Having the time and $$ to keep them academically and intellectually challenged. There are so many things we could do, learn about, investigate, etc. I just wish we had the resources and time to pursue them. It seems to me that gifted kids are intellectually hungry in ways that need ongoing, committed attention and that can be a real challenge. ~Bev
Our biggest challenge is to find ways to keep our child interested and challenged. School has always been very easy for our child and as a result, she is failing to learn how to STUDY! I also failed to learn how to study and it was always a challenge for me even through college.We also find that many of the characteristics that may do one well as an adult may not be the easiest characteristics to live with while they are a teenager.
I agree. I need more time, money, resources, and ideas to keep my daughter challenged and motivated.I have one idea for an activity for GATE. My daughter petitioned the PMMS administration to mediate debate teams at PMMS. She had students who were interested in being on a debaste team sign a petition but administration was unable to provide personnel to serve as advisors.Perhaps GATE students could form debate teams and the GATE teachers could mediate. it. The middle school age group is in the stage of development where debating issues and challenging opposing opinions comes natural! ~ Ann
@ Ann - at least at Central, 8th graders can join the high school debate team. I think a middle school debate team would be great and can think of several kids who'd qualify as great debaters! Our gifted 6th & 7th graders who don't have the high school option would benefit most of all. I also wish that there were more informal opportunities for gifted kids to get together with their peers. Even just parent sponsored trips to local museums or events (say at JMU or carpooling to something farther away). It would be great to pool resources and give the kids more access to activities that are out there.Having an informal "GATE" track for gifted kids in our school would be hugely helpful. I would love to know what AP classes my 9th grader might be able to take next year and/or what classes she could test out of and move up to the next grade level class if that were an option.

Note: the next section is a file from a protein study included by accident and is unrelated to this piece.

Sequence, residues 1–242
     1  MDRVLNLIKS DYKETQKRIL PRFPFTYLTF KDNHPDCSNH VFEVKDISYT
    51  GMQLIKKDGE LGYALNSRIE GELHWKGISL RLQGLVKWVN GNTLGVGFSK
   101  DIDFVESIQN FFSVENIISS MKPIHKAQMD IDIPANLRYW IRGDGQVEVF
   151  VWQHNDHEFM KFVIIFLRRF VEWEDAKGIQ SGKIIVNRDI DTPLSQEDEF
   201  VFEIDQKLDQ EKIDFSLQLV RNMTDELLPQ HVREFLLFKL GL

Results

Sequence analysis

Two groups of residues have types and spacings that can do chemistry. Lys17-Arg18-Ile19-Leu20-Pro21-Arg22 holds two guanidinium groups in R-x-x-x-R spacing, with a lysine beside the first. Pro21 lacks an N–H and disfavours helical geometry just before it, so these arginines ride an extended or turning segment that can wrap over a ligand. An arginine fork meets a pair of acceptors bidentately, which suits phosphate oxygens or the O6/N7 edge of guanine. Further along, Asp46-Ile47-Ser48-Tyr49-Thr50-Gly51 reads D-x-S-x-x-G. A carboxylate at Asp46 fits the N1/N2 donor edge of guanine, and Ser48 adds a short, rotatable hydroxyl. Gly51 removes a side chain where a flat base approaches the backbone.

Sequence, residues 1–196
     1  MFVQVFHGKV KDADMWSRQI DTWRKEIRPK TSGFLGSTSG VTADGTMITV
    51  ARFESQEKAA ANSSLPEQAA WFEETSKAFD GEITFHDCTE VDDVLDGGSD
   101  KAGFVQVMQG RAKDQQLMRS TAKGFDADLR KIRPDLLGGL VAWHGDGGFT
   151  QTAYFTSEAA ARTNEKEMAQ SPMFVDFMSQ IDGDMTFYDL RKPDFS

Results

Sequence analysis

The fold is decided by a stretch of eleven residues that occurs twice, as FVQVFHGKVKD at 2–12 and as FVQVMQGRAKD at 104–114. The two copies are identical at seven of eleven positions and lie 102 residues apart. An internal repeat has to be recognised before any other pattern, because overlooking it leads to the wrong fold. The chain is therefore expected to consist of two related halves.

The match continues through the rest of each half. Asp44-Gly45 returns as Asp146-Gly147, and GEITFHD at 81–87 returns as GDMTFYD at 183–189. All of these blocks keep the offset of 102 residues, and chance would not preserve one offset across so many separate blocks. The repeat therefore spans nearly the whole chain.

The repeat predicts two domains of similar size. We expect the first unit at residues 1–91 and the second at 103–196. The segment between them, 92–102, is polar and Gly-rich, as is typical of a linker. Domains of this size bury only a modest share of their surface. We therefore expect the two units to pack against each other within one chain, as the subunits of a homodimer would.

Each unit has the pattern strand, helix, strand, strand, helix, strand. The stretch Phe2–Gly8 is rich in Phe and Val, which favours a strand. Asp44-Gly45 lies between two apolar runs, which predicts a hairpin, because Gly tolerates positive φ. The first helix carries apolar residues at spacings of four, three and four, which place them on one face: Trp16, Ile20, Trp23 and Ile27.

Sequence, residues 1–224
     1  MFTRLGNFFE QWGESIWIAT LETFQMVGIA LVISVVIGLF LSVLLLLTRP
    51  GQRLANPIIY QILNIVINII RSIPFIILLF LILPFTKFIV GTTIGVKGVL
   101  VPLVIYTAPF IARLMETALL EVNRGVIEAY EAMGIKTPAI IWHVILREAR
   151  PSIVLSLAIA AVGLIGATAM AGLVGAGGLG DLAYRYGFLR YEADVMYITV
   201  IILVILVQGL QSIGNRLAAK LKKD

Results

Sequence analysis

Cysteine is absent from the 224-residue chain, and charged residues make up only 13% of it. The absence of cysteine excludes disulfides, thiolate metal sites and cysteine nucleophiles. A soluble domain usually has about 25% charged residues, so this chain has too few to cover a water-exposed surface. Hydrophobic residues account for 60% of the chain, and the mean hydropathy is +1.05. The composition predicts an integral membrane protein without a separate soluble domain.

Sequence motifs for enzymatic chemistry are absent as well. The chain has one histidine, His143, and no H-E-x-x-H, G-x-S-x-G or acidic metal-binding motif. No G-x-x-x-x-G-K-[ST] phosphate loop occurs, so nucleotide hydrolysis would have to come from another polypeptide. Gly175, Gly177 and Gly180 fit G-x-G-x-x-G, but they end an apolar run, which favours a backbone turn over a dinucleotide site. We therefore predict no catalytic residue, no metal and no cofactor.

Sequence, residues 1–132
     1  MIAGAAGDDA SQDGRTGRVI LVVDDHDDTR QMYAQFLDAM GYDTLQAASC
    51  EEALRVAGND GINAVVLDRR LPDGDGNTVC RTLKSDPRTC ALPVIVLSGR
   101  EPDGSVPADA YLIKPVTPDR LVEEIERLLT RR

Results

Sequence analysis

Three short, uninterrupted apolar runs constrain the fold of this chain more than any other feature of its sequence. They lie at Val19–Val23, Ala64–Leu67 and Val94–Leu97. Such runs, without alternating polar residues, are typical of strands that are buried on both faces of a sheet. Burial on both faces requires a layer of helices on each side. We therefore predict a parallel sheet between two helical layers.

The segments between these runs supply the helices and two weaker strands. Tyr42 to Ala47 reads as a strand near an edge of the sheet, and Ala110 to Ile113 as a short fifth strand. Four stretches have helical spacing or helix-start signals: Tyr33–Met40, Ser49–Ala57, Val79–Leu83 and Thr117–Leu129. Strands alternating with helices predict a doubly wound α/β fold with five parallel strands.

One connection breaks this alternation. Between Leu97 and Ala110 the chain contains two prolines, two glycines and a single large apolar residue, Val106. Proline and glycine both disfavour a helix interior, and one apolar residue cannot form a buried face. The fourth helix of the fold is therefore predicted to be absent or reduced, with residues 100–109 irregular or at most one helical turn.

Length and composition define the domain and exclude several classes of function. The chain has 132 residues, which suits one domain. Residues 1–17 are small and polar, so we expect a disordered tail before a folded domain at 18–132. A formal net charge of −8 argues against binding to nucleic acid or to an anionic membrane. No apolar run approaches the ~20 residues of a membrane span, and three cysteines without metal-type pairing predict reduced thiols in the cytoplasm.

My child also needs to learn how to study but hasn't yet and won't unless something really changes in her class offerings. Nothing has been difficult enough to require it and I'm out of ideas on how to find a class hard enough. I really worry about her going to college and getting walloped because she never learned how to study. Online classes aren't the same and it seem difficult to get kids into higher level classes other than math. Thank goodness for the advanced math options we have. I wish the kids could also jump two or more years ahead in the other classes - especially english and science.
It is very difficult to keep your child challenged, and to get the schools to recognize the need for this. In 2nd grade my son was bored out of his mind and it seemed the only answer I could get from the school system at the time was to give him MORE work, not challenging work. They would not even consider letting him skip a grade. I ended up homeschooling him in order for him to be able to skip to the next grade. He did wonderful and luckily when he chose to go back to public school, they allowed him to go back into school a grade ahead. He is doing great and I always wonder what problems we may have had if he would have had to stay in his actual grade.
Thank goodness you were able to find a solution that worked for your son. I struggle with this issue, too. If my kids learn more than what they will cover in the school year, am I setting them up for major frustrating boredom later on when they scheduled to learn something in their age appropriate class that they already know. My DD was able to skip two years of math and that made a huge difference but it was only in that subject. I can already see that this type of concern will come up with my DS and science classes. At age 10 he is getting his own microscope and by the high school he'll want to take the Bio class that addresses anatomy but it isn't offered at our high school. He will doing dissection at home this year just because he is that interested. I have no idea what I'll do as the years go by to keep him engaged at the level he wants to be learning, and is ready for. I know we are a small school system and they try hard to meet the needs of gifted kids and can't offer all classes at all campuses. I wonder if the school lets you advance kids in science if they show the interest, apptitude, and commitment needed to take a higher level class. Bev H